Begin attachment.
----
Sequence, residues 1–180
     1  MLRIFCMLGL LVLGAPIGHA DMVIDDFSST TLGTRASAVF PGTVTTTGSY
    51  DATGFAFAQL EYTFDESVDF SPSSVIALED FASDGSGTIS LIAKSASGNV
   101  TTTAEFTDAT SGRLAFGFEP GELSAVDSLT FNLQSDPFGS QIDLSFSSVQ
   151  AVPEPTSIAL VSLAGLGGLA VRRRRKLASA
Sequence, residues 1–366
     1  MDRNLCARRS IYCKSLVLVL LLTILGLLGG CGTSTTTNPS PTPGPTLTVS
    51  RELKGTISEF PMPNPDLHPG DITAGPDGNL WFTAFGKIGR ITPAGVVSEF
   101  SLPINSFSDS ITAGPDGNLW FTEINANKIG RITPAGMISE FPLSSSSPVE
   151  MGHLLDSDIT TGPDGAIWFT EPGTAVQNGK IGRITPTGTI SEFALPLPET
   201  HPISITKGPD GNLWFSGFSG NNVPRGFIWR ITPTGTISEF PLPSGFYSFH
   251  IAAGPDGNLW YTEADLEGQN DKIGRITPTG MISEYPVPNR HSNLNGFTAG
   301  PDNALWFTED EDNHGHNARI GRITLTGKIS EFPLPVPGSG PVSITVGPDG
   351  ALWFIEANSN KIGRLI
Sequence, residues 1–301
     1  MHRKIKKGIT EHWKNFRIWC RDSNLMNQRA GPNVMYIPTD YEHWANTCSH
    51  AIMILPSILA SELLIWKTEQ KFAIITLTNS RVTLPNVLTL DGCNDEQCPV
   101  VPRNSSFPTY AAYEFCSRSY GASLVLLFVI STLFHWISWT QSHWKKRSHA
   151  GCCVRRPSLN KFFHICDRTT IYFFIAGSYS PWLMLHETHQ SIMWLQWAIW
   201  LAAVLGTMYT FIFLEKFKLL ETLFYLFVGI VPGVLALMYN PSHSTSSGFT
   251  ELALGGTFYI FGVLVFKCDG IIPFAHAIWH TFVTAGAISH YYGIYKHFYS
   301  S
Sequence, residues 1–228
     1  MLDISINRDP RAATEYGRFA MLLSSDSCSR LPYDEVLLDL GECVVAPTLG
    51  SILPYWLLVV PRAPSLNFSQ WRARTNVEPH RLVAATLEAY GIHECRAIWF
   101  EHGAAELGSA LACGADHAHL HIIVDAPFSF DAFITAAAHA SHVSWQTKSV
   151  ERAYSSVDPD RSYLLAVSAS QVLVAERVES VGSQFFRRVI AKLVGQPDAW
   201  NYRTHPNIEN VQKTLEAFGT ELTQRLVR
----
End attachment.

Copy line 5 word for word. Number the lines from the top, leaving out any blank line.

   151  AVPEPTSIAL VSLAGLGGLA VRRRRKLASA